By Phil Sutton
Kubota Manufacturing of America
Chairman, Greater Hall Chamber of Commerce
Agribusiness in the U.S. is a major competitor in the global market, due to its strong workforce, market size and infrastructure. The agribusiness industry encompasses sub-sectors such as agricultural chemicals, crop production, aquaculture, forestry and logging, livestock and agricultural machinery.
According to the University of Georgia’s Center for Agribusiness and Economic Development, Georgia’s agricultural commodities add over $13.76 billion to Georgia’s economy. In addition, as of 2018, food and fiber production accounted for $76 billion of the state’s $1.07 trillion economy.
In Hall County, agricultural commodities produced in 2019 had a value of over $98.4 million. Of the 152 counties in Georgia we are in the Top 25 in blackberries, sweetcorn, tomatoes, agritourism, poultry and egg production; 11th in peach production; 4th in apple production; and, 3rd in acres planted of strawberries. Our most valuable crop is poultry and eggs – $77.5 million in 2019. What impresses me most in terms of agribusiness is the magnitude of our economic contribution to agriculture in the state – Hall County is #1 in our economic contribution to agriculture in the state of Georgia. In 2019 our economic contribution to Georgia in terms of agriculture, food, fiber, horticulture, and other related areas had a total value of over $4.4 billion. Additionally, in 2019 there were 17,643 jobs in Hall County related to agriculture. We are #1 in the state in the number of jobs provided by the agriculture industry. As these statistics show, agribusiness is pivotal to economic growth and is as important to our contemporary society as it was in the past.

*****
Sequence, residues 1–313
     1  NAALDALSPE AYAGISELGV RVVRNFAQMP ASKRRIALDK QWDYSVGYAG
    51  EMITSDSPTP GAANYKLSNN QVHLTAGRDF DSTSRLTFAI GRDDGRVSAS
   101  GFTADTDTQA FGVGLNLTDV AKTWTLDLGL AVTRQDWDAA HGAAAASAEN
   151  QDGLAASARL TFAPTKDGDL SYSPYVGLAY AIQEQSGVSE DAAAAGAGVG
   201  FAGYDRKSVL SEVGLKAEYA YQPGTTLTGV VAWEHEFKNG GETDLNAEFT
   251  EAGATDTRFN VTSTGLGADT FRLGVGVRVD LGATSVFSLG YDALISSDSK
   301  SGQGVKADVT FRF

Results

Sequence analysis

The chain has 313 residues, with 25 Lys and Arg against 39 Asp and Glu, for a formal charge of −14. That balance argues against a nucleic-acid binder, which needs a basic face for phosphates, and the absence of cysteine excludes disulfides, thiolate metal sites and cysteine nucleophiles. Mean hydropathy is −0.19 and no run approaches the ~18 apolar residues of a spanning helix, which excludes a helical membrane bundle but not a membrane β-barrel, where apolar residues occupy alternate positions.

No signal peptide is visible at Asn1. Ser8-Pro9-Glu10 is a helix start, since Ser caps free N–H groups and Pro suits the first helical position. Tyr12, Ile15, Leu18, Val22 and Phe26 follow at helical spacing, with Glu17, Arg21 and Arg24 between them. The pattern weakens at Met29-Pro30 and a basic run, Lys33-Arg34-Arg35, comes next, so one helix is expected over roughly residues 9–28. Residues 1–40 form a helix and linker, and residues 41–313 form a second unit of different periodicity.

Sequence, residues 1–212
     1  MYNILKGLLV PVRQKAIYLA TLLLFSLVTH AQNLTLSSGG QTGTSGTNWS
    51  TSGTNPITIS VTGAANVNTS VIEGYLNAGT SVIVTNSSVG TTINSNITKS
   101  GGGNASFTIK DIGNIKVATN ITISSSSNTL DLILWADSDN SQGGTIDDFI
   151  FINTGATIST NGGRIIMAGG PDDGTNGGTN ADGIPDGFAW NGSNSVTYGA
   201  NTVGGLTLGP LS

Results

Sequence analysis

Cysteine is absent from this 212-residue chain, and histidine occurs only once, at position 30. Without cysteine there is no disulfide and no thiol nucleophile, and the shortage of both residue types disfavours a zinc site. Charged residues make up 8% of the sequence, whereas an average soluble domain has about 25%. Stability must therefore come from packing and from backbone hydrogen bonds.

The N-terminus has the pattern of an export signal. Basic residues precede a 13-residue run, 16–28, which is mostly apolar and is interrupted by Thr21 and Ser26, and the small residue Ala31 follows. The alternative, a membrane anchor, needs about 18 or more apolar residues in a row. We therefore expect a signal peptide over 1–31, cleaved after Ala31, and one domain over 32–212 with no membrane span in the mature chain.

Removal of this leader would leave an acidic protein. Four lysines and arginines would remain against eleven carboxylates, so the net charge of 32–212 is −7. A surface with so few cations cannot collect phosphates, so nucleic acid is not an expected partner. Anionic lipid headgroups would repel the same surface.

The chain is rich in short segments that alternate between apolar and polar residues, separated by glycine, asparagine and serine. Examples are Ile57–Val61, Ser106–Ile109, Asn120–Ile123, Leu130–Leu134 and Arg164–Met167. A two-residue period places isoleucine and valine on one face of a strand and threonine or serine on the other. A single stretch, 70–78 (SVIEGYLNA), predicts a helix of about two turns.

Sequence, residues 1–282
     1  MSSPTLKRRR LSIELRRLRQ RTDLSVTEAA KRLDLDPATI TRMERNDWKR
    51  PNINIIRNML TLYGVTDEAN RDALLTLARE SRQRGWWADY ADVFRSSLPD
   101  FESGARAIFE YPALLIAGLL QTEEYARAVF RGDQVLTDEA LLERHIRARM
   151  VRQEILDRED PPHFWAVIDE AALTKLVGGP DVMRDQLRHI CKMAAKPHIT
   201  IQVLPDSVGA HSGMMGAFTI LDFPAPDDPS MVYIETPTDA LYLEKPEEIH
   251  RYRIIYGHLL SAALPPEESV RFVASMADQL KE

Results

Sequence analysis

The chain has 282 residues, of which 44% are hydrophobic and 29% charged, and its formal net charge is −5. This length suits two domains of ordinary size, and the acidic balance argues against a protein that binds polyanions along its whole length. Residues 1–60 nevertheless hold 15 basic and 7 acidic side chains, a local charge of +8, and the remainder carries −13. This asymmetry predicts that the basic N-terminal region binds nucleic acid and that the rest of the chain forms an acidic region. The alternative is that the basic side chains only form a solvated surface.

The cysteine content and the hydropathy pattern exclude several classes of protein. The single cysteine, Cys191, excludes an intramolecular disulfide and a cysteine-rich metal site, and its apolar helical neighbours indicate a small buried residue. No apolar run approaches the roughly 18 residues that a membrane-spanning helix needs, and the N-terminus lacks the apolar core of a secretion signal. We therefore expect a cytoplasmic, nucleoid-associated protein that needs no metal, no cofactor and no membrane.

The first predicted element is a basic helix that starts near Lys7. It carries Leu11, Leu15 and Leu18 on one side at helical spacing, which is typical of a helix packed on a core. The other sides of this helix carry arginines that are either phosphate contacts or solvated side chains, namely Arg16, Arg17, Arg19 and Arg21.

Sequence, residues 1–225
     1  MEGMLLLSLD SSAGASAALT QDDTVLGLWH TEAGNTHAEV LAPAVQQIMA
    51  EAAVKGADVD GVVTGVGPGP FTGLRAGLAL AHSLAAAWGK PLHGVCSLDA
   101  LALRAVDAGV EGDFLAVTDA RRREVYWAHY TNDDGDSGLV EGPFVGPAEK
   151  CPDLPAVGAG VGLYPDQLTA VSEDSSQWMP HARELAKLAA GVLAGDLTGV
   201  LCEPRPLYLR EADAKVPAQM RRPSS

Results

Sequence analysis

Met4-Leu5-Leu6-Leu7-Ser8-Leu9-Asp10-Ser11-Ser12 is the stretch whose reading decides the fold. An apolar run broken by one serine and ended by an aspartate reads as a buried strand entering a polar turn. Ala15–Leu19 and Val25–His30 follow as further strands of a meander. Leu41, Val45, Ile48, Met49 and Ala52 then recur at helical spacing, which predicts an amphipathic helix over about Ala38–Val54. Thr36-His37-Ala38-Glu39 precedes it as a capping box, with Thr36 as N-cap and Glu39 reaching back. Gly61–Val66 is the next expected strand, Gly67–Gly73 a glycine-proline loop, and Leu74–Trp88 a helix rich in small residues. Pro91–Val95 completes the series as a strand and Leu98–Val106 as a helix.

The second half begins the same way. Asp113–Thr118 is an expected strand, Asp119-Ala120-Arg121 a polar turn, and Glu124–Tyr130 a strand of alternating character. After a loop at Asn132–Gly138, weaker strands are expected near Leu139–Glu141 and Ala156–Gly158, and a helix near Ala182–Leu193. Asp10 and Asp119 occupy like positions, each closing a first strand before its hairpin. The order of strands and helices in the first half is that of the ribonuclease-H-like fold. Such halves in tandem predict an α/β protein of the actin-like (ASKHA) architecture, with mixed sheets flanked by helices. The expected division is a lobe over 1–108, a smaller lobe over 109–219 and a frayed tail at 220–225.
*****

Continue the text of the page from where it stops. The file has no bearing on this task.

Hall County School Superintendent Will Schofield said that the impact of agriculture for our economy is a large reason for the school board’s decision to build a Agriculture Business Center for students to learn more about the profitable world of agriculture. “The Farm” is located on 51 acres along HWY 129 in the North Hall attendance zone, though students from all other high school and middle school programs have access. Students experience hands-on, real-world opportunities, which allows them to develop skills and pursue future occupations in the many career pathways available in Georgia’s agribusiness economy.
We are fortunate to live in a community that embraces its past legacies in agriculture while initiating progressive programs and educational resources to train our youth for agribusiness careers.